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The following interpretations are taken from Thorne [2014]. Chapter 17, entitled Miller's Planet, discusses the issue of the large waves on the water planet in the movie Interstellar. There Kip mentions that the waves are due to tidal bore waves with height of ~1.2 km. In the appendix entitled Some Technical Notes, Kip estimates the density of Miller's ...


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The phase potrait for this physical system describes the oscillation of the particle described above to be a Homoclinic orbit-that is, the particle oscillating between extreme ends of a double well. No, not even close. I assume that your misunderstanding originates from confusing phase space and geometrical space. Suppose, we describe the dynamical ...


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For a general answer concerning these types of systems, we can take the simple gravity pendulum as a representative example. The equation of motion is generally non-linear, but can be approximated to be linear at small angles (small amplitudes). See also the small angle approximation section in the linked wikipedia article. For progressive waves you will ...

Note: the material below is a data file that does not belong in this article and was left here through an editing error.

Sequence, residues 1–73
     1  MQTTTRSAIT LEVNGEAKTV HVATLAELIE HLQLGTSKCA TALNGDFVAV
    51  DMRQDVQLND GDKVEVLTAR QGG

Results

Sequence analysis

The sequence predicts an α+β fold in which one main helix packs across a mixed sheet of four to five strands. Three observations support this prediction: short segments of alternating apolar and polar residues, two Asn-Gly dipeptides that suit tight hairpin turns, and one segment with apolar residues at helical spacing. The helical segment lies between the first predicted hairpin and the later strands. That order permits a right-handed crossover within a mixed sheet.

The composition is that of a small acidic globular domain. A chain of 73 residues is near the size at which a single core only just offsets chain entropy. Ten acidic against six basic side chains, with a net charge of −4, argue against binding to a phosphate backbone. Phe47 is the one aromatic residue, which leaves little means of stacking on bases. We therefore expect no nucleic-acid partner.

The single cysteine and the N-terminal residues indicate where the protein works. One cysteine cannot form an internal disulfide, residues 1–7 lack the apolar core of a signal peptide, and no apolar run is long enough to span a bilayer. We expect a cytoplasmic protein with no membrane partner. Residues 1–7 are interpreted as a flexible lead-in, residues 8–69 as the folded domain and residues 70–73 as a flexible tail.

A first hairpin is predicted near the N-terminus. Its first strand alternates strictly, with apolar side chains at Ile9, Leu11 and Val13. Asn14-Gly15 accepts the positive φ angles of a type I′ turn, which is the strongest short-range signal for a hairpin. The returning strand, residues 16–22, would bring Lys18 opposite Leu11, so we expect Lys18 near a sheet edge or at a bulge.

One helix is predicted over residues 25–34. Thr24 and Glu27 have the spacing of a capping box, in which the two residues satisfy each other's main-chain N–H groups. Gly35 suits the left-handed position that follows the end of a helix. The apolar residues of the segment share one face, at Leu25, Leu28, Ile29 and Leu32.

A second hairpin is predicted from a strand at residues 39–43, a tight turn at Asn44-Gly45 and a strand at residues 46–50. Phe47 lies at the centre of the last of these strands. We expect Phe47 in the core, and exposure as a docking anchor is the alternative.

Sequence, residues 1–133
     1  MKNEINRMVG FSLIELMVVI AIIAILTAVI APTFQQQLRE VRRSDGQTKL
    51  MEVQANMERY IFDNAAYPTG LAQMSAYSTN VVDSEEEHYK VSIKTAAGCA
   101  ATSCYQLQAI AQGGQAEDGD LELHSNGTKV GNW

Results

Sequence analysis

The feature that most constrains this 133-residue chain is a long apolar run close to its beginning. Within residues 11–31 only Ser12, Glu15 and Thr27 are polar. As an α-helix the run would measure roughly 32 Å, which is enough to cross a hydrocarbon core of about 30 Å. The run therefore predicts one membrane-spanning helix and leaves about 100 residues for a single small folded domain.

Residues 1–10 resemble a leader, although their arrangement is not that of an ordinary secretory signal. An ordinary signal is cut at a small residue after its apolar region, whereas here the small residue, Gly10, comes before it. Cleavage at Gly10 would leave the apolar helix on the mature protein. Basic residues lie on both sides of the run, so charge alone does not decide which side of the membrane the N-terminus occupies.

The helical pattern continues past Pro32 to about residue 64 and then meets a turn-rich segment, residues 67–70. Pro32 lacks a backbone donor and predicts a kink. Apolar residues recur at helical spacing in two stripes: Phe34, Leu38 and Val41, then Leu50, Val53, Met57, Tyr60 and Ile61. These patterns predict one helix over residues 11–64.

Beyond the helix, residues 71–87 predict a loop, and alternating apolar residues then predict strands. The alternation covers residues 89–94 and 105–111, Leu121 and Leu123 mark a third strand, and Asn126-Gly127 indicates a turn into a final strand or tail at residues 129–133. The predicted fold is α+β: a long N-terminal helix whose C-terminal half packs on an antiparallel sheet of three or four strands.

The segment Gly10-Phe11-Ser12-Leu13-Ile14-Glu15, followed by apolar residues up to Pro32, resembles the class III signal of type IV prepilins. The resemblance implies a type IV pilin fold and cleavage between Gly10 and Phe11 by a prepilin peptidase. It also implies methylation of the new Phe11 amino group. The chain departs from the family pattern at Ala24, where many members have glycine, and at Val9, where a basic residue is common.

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Many dynamical systems involve recursive sequences of simple functions, $f(f(f(...f(x))))$ which are iterated n times to lead to some discrete iteration sequence (a Picard sequence) with often tractable properties. It is possible however, to analytically continue the discrete iteration index n to a continuous non integer one, fractional, infinitesimal, or ...


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Will there be a symbolic sequence for each dimension or will a symbol be assigned to a point $(x,y)$? This depends what you eventually want to do with your symbol sequence, but for typical applications, such as determining the entropy or modelling, you want to assign one symbol to the point. The general reason behind this is that (for a proper ...


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Take a potential energy of the form $$U(x)= x(x-1)\:.$$ Next consider a smooth function $g: \mathbb R \to [0,1]$ such that vanishes in an open neighborhood of $0$ and takes the constant value $1$ form $x= 1/4$ on. Finally consider the dynamical system defined by $$\dot{x}=y$$ $$\dot{y}= -U'(x) - cg(x)y$$ for some $c>0$. With these choices, $(x,y)=(0,0)$ ...



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